Executive Presence 101
Cultivating your Inner CEO

Ronnie Dickerson Stewart, VP, Talent Engagement & Inclusion at Digitas, led a workshop to define executive presence and guide attendees on growing it. Her strategy is to consider herself CEO of herself: Ronnie, Inc.

Dickerson Stewart provided a formula, based on a survey of 1000 executive leaders by the Center for Talent Innovation, revealing that executive presence is based 5% on appearance, 28% on communication, and 67% on gravitas. She advised clear communication through concise bullet points and ending correspondence at a reasonable hour, among other pointers, as well as body language indicating presence and alertness and “yes, and” answers to questions. Gravitas, she said, included decisive action and confidence under fire, as well as showing integrity and projecting vision.

People of color, Dickerson Stewart said, have a longer road to achieving this vision of executive presence. Navigating the workplace depends on knowing yourself and being a student of your environment, she said, so you can make clear-headed and rational decisions.



Two Google leaders, Eartha Petersen-Farngalo, Global Solutions Lead, and Lindsay Leykin, Industry Relations Manager, led a workshop on #IamRemarkable, a Google-backed initiative to empower women and underrepresented groups and celebrate their achievements in the workplace and beyond. The workshop highlighted the importance of self-promotion and offered strategies on how to achieve it.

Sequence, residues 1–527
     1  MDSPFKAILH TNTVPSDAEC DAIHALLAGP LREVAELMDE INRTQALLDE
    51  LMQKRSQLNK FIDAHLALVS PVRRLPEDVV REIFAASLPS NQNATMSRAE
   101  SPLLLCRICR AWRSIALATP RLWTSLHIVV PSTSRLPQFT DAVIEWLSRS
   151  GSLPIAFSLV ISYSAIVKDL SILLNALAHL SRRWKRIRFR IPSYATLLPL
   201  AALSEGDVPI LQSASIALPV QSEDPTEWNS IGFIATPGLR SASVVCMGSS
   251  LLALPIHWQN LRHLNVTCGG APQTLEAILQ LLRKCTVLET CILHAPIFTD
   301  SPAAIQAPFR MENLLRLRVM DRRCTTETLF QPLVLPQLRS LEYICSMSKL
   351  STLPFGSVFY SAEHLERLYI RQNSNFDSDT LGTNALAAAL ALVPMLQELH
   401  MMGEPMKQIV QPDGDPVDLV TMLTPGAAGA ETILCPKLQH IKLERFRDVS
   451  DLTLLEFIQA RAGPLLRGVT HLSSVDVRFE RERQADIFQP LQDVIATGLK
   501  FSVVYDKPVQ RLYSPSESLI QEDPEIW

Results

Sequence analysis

“#IamRemarkable was amazing! Very great workshop, which I loved!”
— Attendee

The Demands of Today's Talent:
Exploring Generational Differences

Millennial workplace expert Adam Smiley Poswolsky led this workshop on the ways generational differences can affect executive leadership style, exploring how to communicate with the newest entrants into the workforce and Millennials, who now comprise more than 70% of the U.S. workforce.


Audience Discussion and Q&A:
Breathing New Life into the MAIP Alumni Community

A candid roundtable audience discussion focused on MAIP’s role in developing, supporting, and assisting its growing alumni community. Highlights:

I’ve had to deal with three corporate restructures in eight years. So I’ve been laid off three times—three times I had an employment gap and had to figure out what the hell I was going to do. I would love it if MAIP’s alumni program also talked about what to do during that time, whether it’s career development, or how to re-work your resume, or transitioning into a different career or department.